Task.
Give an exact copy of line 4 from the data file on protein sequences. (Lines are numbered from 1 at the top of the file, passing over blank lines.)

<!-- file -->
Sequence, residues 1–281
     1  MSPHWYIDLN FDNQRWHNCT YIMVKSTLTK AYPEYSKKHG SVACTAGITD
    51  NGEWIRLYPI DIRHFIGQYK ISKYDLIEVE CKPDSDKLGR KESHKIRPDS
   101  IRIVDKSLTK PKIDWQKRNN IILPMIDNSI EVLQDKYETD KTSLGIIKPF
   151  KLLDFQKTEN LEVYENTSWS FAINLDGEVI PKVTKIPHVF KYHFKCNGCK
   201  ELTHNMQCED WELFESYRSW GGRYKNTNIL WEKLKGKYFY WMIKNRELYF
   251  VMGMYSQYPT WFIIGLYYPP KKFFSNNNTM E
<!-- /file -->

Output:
   101  IRIVDKSLTK PKIDWQKRNN IILPMIDNSI EVLQDKYETD KTSLGIIKPF